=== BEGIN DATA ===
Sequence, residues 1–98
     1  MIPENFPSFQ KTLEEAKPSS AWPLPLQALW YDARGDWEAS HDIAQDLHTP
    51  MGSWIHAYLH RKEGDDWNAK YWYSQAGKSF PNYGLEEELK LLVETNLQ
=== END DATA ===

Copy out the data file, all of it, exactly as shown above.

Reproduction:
Sequence, residues 1–98
     1  MIPENFPSFQ KTLEEAKPSS AWPLPLQALW YDARGDWEAS HDIAQDLHTP
    51  MGSWIHAYLH RKEGDDWNAK YWYSQAGKSF PNYGLEEELK LLVETNLQ